From Awareness Times Newspaper in Freetown

Afsatu Kabba
Hon. Justice Browne-Marke Begged to be Transferred from Afsatu Kabba's Cases
By Sylvia Olayinka Blyden
May 10, 2010, 12:18

I know for a fact from impeccable sources that Hon. Justice Nicholas Colin Browne-Marke on Tuesday May 4th 2010 at around 4:00pm personally begged the Hon. Chief Justice Umu-Hawa Tejan-Jalloh in her office, virtually on his bended knees, in the presence of others, to be excused (recused) from continuing to preside over the matters of the State versus Haja Afsatu Kabba.

His removal from the matters therefore had nothing to do with political interference but everything to do with patriotic local journalists’ embarrassing revelations of Browne-Marke’s links to a primary prosecutorial antagonist of Afsatu Kabba by the name of Mrs. Lilian Ada Lisk. It was a case of the Fourth Estate helping an arm of Government (the Judiciary) to do the right thing. And for this, For Di People (Paul Kamara), Independent Observer (Jonathan Leigh), Premier News (Theo Nicol) & Awareness Times (yours truly) should be credited.

Earlier that same Tuesday, Haja Afsatu Kabba’s lawyers had invited Anti Corruption Commission’s Lawyer Calvin Mantsebo Esq. to go with them to Browne-Marke’s Chambers where Haja Afsatu’s lawyers highlighted incontrovertible evidence of Browne-Marke’s links to Lilian Lisk; evidence that Browne-Marke was not to dispute but to reportedly shamefacedly accept that it would be wrong for him to continue to preside over Haja Afsatu’s matters.

Indeed, leading opinions are that for him to have even commenced the matter in light of the facts that now were tumbling out, has cast a slur on his reputation.

The Judge realised that ‘the game was up’ when Afsatu Kabba’s lawyers, [which team is led by Blyden Jenkins-Johnston Esq.] told him right inside his Chambers to knowledge of the ACC’s Lead Prosecutor Calvin Mantsebo, that if he did not quietly remove himself from the case with self-respect like a big man, they were determined to vigorously expose his questionable Lilian Lisk links in Open Court the next morning.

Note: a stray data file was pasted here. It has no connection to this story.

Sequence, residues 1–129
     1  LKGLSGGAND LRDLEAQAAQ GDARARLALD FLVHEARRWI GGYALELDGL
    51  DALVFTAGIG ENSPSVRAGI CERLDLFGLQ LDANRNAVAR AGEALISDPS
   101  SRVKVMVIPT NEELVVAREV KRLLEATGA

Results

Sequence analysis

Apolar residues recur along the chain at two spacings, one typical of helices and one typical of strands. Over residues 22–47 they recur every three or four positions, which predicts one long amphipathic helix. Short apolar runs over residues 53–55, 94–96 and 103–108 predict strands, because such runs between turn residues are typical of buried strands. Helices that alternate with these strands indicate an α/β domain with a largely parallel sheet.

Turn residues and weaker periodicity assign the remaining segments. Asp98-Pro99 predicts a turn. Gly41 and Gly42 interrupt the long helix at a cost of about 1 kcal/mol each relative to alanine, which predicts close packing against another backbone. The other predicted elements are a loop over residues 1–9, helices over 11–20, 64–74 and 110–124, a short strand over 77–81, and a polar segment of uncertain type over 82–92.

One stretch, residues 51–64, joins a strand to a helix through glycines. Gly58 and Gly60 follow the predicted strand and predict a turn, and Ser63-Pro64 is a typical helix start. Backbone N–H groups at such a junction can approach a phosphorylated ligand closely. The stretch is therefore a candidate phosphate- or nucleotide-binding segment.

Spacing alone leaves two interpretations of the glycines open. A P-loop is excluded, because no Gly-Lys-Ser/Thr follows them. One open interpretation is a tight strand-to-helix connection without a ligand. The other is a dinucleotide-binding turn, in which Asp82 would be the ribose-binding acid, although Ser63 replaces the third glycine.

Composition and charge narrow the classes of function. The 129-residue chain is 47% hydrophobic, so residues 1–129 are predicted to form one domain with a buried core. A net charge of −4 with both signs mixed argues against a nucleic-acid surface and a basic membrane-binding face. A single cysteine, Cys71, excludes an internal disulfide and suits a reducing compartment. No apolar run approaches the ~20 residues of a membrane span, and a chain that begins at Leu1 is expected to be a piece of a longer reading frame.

So, Justice Browne-Marke took the best route out to ‘save his face’ by leaving his offices at the east-end of the Third Floor facing Siaka Stevens Street, walked down the stairs to the Second Floor office suites of the Chief Justice at the west-end of the Law Courts, where he personally ensured the handing-over of the two Afsatu Kabba case files back to his Boss the Chief Justice for re-assignment to another Judge.

During the conversation that ensued, I am informed that in the presence of other persons, the Chief Justice repeatedly asked him if he was sure he wanted to be excused and he repeatedly responded in affirmative. I am informed that he took pains to explain to the Chief Justice what transpired between him and the lawyers and how he told them that he had long since wanted to be recused from the matter because of his Lilian Lisk links but had not wanted his Boss to be upset with him if he turned down her assignment of the file to him.

It was only then that the Chief Justice, in her wisdom, instructed the Master & Registrar to place the file in front of Hon. Samuel Ademusu. There are only three Judges handling Corruption Cases. The third one, Justice Mary Sey recently lost her mother and had to travel to the Gambia for the funeral.

This is why I am finding it irritating to watch and read as certain persons hastily fall all over themselves to second-guess ‘reasons’ for why Abdul Tejan-Cole has resigned from his powerful office of Sierra Leone’s Anti Corruption Commissioner; into which they lump ‘changing of the Judge for alleged political reasons’ failing to know the Judge was changed because the Judge begged to be removed from the case so as not to be disgraced in Open Court as having unfortunately taken on a case where he (Browne-Marke) had an opaque vested link to the primary witness against the accused.

It is now hoped that everyone has been properly informed about why Justice Browne-Marke is no longer presiding over the Afsatu Kabba matters.



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